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Housing is one of those topics that we hear about a lot, from all sides. In Havering, pretty much every political party is saying the same thing: “We don’t want high-rises.” Despite this, we are seeing the opposite in Romford; we are being let down when it comes to housing.

Romford is located in East London, on the border of Essex. It is undergoing a transformation from historic market town, to thriving London suburb, as Londoners move out from central boroughs in search of cheaper housing. The London borough of Havering, where Romford is located, has seen its population increase by over 10% in the last ten years, with its 25-34 year old age group rising by 24.5.%

At present, over 300 families are stuck in hotels and short-term lets across the borough. Things are so bad that homelessness is now a major part of our budget. It costs us millions. At the same time, we are going bankrupt.

Having a secure home is a life changer. It does not just mean you have somewhere to sleep – it means you have security. You can rest, focus on a job, build vital support networks, get to know your GP and keep your kids in the same school.

Given that Havering Council is currently forecasting a spend of £6m on hotels , and is facing £30m of additional pressure on social care, I am stunned at the housing approach that Labour and the Resident’s Association are taking. Our council seems more keen to build expensive private homes than the council homes we really need: social housing.

Every time I walk into Romford, I walk past the last empty site that is the former Waterloo Estate. This used to be home to hundreds of residents, but now it is a pile of gravel. Work was paused on the site in May 2023, after the Government announced new rules regarding building safety. The Government has since clarified that developments such as the Waterloo Estate can go ahead. But, in Havering, it has not.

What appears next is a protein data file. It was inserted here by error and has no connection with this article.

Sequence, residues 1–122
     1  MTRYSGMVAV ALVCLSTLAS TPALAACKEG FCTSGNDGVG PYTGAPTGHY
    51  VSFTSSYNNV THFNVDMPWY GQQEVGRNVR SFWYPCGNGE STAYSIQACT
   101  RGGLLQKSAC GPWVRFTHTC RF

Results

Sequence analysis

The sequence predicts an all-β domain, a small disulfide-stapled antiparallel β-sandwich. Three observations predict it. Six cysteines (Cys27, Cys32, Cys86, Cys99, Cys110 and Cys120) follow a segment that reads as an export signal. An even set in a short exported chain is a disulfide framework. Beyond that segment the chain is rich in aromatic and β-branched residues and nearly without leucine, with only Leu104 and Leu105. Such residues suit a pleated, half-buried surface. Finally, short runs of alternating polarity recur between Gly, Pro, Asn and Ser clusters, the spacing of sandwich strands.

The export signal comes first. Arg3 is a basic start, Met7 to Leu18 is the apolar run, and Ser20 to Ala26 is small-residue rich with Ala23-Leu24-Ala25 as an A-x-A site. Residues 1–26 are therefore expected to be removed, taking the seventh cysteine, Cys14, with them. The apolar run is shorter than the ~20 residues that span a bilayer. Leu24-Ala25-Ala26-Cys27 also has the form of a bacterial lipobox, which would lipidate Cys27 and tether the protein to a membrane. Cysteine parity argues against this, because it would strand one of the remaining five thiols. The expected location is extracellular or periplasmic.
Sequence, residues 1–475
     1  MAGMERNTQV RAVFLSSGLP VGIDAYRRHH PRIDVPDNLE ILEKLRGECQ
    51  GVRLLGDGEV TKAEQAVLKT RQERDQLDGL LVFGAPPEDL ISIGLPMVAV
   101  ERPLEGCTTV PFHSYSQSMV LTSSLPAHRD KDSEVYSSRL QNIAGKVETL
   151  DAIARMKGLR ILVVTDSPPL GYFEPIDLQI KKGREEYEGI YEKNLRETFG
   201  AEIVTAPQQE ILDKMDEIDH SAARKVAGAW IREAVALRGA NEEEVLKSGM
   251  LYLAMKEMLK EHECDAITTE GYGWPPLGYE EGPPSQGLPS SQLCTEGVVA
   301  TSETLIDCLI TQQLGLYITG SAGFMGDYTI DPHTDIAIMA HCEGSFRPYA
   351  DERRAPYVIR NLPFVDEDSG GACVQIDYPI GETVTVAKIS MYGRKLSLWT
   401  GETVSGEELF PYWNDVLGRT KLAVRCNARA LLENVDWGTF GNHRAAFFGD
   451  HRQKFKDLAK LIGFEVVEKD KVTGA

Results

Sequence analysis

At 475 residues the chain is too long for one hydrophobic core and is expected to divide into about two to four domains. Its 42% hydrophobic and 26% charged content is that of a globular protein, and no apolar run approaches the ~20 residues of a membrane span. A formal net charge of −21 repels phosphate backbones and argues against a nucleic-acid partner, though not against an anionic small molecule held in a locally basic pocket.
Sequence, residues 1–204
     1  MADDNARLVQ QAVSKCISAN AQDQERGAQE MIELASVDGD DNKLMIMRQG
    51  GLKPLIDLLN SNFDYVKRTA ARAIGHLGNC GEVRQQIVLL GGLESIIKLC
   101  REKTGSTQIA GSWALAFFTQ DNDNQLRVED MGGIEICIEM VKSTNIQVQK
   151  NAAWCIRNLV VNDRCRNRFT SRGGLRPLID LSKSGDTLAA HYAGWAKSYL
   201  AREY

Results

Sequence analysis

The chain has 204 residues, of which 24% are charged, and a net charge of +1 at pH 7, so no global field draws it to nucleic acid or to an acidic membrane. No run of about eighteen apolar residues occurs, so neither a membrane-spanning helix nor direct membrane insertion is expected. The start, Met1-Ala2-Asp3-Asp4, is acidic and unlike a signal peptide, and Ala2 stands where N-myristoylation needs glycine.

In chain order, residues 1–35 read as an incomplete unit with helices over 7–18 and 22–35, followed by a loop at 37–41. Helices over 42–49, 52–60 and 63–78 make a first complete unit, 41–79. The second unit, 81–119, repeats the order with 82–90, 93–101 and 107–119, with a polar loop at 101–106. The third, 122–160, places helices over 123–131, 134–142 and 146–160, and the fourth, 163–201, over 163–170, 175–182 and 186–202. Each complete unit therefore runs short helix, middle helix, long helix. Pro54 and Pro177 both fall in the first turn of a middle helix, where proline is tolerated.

One of our biggest social housing schemes sits getting stale. Initial plans included transforming the estate from just over 270 homes to 1380. Located a 5 minute walk from the Elizabeth line and just 30 minutes from Central London, it promised to be a thriving community of both social housing and attractive homes for your professionals. The site was due to deliver 40% of all of Havering Council’s housing pipeline. When demolition began in 2021, as many as 550 affordable homes were promised

These now look to be many more years away, with both Havering Council, and joint venture partner Wates, still debating whether to restart works. Havering Council is currently exploring placing 20 ‘container homes’ on the site to offer temporary accommodation.

In the meantime, Labour and the RAs are looking to cram a new 12 storey tower block on the Como Street car park, completely out of character with the family homes nearby. The consultation process has been widely criticised by residents, an environmental impact assessment has been deemed as not needed and the council decided that it will only sell the site to a property company it owns. A property company that is prohibited from building social housing.